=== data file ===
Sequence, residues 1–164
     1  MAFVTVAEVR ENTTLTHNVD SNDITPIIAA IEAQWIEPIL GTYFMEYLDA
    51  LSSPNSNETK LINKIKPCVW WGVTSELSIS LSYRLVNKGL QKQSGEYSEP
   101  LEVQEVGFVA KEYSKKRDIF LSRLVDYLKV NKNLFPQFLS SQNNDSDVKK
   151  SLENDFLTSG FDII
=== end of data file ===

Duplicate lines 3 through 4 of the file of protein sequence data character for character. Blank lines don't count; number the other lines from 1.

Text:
    51  LSSPNSNETK LINKIKPCVW WGVTSELSIS LSYRLVNKGL QKQSGEYSEP
   101  LEVQEVGFVA KEYSKKRDIF LSRLVDYLKV NKNLFPQFLS SQNNDSDVKK